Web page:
I suppose. I had a big old dead printer in the office that would cost us $150 to recycle, because it weighed 500 pounds. Since some of our staff bring their kids to work, I asked the kids if they wanted to take apart the printer so we could recycle the plastic and metal in pieces. They gave up on it rather quickly. 1) None of them could handle a drill. 2) They didn’t have the patience to pick the right screwdriver or torx to fit the screws. 3) Since they couldn’t use the drill, they didn’t have the strength to loosen screws by hand. 4) They didn’t have the skill to use a ratcheted wrench to make up for their lack of strength. 5) They were not interested in learning to use any of the tools to do the job. The kids’ ages ranged from 10 to 16. I ended up taking the printer apart during lunch hours. I had a ball.

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    1. Bruce Post author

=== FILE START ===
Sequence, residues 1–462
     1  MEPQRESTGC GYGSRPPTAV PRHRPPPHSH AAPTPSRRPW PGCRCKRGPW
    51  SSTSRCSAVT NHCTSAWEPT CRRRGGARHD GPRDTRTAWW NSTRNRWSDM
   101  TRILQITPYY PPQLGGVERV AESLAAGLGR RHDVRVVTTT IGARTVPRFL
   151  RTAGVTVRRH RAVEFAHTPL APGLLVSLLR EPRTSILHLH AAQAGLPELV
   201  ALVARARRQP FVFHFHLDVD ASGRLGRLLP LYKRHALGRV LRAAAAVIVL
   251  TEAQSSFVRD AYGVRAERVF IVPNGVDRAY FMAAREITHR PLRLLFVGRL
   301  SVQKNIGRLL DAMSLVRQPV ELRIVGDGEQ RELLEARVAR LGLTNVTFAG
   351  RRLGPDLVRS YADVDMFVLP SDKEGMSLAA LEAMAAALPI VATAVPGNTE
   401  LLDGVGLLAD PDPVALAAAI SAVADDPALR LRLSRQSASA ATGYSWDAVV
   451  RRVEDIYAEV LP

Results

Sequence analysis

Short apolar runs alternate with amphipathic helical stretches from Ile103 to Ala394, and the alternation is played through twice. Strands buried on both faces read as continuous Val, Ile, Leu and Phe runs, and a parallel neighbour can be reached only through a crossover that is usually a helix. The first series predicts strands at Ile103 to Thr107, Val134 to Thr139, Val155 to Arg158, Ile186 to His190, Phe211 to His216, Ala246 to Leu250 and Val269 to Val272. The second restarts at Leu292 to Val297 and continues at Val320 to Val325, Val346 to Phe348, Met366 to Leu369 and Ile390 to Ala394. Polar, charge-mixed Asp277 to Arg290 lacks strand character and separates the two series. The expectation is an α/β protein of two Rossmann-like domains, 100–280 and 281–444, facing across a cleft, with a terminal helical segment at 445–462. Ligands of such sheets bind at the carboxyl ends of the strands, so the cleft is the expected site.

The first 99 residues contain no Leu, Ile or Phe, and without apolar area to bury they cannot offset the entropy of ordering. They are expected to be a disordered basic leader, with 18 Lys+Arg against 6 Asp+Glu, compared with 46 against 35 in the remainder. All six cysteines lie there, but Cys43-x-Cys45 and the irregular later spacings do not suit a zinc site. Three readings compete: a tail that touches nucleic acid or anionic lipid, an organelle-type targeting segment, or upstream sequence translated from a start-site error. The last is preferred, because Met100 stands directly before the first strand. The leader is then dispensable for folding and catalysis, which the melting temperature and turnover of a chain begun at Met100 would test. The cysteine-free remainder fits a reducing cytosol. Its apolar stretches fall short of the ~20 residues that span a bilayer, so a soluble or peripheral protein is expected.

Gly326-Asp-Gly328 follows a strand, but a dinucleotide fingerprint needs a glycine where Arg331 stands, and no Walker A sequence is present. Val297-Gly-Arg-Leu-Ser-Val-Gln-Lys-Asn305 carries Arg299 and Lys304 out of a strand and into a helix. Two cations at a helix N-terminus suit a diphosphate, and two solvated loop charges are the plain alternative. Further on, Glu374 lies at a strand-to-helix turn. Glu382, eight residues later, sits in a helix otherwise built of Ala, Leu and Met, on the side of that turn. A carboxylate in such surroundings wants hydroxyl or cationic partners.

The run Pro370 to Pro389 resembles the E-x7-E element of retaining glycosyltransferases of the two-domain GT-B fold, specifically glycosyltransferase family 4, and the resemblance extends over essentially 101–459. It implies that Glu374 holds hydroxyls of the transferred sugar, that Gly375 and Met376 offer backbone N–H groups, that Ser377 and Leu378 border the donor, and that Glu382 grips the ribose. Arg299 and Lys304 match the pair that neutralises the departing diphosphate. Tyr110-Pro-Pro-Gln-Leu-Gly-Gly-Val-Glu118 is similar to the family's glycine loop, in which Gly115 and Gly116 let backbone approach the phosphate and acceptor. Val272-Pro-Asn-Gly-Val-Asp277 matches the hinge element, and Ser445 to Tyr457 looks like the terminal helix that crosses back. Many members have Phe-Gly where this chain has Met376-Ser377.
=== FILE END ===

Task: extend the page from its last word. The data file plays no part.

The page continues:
Yes Timothy – something has definitely gone missing over the years. My father never went to High School and left school aged 12. He took a plumber’s apprenticeship – and could explain to me mathematics all the way up to university!
      These days – such are regulations – kids are all too young to learn to drive a truck and so there is a paucity of drivers.

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      1. Timothy Price

        I went on to get a master’s degree, one of the cool things about the education system in the US. I remember having a conversation with a staff member whos son was flunking geometry, but doing great in shop. I told her that’s the problem with school, they don’t have kids make the connection between math and things like shop and music and life. It’s sad. I started riding motorcycles when I was 9 years old, got my driver’s license for motorcycles when I was 13, and got my driver’s license for cars when I was 15. I’m one who believes for every law and regulation they put on the books, they need to remove 100 laws and regulations from the books. I seem to be of a minority oppinion on that. Regulations take oportunities away from so many people today.

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        1. Bruce Post author